So he is doing the work now to become more emotionally healthy, resilient and authentic. This finally made him realize that success isn’t about your bank account - it’s about being strong enough to act with integrity even when life has you on your knees. For being capable of staying true to who you are and your ideals even when it’s really, really hard.
The last few days of reflection have made me realize that I have finally gotten to a place where I wish her no ill will. I hope she’s doink well - that she has done the work to make herself a more emotionally healthy person. I hope she is making better choices for herself. I hope she finds happiness - in an honest way with her integrity intact. We have enough damaged people running around creating pain in their wake. We need more of them to wake up, and work to heal themselves so they stop causing so much havoc.
Its sad that it usually takes something big like this or a drug addiction for people to stop saying “I’m fine” and be willing to finally take an honest look at their baggage.
And then there are those who never do and have one broken marriage/relationship after another... even sadder. For them and wven more for the people they leave in their wake.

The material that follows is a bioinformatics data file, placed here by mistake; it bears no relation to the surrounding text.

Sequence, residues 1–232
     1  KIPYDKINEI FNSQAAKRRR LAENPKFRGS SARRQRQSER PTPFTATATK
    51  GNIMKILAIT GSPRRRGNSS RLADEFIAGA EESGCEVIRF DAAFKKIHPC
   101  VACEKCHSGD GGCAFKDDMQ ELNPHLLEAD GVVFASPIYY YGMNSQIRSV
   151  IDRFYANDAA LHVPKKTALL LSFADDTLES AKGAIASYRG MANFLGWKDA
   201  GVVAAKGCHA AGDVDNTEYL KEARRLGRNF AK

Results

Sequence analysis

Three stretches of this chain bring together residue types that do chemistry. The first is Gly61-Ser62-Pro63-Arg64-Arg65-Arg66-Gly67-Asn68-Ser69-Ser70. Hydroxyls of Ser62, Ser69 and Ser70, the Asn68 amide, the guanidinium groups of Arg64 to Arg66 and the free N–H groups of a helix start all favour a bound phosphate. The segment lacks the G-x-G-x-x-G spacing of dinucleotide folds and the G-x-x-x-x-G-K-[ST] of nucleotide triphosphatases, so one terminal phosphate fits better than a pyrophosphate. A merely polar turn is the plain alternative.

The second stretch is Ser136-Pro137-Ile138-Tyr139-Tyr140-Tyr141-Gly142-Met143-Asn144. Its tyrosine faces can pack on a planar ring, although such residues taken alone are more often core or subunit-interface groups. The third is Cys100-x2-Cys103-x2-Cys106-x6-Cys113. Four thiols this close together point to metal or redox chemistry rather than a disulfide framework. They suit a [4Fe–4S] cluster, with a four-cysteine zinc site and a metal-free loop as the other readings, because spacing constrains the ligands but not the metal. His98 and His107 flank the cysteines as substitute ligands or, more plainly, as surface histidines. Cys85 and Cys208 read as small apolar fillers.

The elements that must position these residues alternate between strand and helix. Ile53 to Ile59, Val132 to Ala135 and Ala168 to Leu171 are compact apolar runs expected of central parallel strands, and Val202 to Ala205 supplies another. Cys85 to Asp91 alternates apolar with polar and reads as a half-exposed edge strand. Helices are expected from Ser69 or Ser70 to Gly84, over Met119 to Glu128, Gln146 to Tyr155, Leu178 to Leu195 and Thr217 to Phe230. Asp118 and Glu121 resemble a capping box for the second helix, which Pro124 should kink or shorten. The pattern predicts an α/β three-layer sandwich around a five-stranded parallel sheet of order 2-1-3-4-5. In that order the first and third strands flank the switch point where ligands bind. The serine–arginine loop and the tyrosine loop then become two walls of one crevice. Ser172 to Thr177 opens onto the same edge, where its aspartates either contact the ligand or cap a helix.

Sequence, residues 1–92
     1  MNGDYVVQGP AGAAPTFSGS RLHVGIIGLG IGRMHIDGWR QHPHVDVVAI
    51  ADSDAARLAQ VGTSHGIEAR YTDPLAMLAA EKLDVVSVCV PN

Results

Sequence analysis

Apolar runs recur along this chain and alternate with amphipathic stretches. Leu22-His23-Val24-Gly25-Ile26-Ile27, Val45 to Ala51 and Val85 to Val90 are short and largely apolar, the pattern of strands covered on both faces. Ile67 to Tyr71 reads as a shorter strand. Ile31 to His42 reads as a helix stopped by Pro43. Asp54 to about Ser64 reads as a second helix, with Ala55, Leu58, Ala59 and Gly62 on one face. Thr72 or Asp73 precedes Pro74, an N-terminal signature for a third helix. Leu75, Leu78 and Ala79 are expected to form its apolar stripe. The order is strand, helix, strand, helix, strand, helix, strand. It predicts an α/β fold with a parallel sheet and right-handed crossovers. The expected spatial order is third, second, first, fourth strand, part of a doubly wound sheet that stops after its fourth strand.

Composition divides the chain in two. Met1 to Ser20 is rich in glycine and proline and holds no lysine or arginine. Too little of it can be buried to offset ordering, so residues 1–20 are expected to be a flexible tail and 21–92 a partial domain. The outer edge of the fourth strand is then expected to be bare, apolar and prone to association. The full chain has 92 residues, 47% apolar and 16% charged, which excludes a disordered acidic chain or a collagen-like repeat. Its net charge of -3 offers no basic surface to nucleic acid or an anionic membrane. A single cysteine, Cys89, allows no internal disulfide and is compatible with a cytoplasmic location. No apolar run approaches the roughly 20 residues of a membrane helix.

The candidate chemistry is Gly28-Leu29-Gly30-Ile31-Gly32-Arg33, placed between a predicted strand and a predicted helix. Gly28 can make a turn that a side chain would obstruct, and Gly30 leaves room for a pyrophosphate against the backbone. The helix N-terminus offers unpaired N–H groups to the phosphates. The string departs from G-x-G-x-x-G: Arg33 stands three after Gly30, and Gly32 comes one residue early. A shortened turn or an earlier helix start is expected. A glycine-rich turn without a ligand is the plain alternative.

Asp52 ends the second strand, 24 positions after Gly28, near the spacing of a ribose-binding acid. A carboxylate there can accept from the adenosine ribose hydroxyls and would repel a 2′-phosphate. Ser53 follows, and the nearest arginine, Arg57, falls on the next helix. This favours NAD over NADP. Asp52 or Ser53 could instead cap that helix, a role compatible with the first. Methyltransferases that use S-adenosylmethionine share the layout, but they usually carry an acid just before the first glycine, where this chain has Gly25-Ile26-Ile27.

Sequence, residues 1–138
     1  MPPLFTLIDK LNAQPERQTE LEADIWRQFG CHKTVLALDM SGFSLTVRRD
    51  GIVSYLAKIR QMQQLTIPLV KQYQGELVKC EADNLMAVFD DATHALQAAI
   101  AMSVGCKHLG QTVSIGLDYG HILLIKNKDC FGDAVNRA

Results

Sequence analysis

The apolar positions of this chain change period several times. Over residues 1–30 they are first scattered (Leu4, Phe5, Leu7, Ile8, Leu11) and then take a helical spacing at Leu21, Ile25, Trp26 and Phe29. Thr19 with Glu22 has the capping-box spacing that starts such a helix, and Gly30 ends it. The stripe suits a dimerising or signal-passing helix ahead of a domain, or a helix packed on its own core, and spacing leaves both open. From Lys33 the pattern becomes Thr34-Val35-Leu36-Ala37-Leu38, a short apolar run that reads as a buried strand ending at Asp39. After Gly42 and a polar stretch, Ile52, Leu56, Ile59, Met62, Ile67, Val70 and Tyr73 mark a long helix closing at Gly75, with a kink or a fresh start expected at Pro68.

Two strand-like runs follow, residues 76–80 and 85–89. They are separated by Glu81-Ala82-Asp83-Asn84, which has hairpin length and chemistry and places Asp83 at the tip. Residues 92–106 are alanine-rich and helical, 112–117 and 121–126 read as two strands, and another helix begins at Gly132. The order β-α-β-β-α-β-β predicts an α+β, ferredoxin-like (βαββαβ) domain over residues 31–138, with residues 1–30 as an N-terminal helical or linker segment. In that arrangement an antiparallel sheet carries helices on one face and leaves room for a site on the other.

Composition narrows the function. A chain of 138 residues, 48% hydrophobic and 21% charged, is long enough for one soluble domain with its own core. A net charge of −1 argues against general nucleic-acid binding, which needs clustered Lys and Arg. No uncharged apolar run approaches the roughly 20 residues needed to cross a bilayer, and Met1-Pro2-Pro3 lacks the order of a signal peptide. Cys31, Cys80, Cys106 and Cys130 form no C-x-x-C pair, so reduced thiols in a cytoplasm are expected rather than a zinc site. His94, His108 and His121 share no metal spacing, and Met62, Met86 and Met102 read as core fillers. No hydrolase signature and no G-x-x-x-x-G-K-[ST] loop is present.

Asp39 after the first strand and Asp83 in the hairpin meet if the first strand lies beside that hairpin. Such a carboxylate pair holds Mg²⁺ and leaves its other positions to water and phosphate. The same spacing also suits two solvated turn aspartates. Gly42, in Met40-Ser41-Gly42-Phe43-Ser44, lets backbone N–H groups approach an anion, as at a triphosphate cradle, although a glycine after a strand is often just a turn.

Okay, another long post but I am happy to report that this really was cathartic for me. It was a last remaining piece that I had trouble fitting in and now it feels pretty complete.
I may be giving them both a “pass” in trying to give them deeply selfish, but not inhuman reasons for their actions but I am not sure I care. Trying to see their actions from a different, less deliberately cruel and more just painfully self-centered perspective is allowing me to let go, and move forward. I feel much more at peace and am thinking about retiring from this forum for a while. It’s been so helpful and I admire all the people here trying to make the best out of one of life’s most painful experiences.
I just think I am ready to stop making this the focus of my life. I still think there’s healing and learning to be done, for both my husband and myself for a long while. Maybe forever.
But I want to begin to move past it. This isn’t what I want written on my tombstone. So it’s time to begin to think about my life in terms of new horizons, new projects and new goals. I am so grateful to all the people here who helped me get to that place.